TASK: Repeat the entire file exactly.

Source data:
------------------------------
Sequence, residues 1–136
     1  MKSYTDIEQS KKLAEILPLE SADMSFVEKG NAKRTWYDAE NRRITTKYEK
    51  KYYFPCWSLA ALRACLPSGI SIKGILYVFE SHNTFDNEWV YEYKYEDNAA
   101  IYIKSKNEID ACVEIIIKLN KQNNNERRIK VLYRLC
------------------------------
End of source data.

Sequence, residues 1–136
     1  MKSYTDIEQS KKLAEILPLE SADMSFVEKG NAKRTWYDAE NRRITTKYEK
    51  KYYFPCWSLA ALRACLPSGI SIKGILYVFE SHNTFDNEWV YEYKYEDNAA
   101  IYIKSKNEID ACVEIIIKLN KQNNNERRIK VLYRLC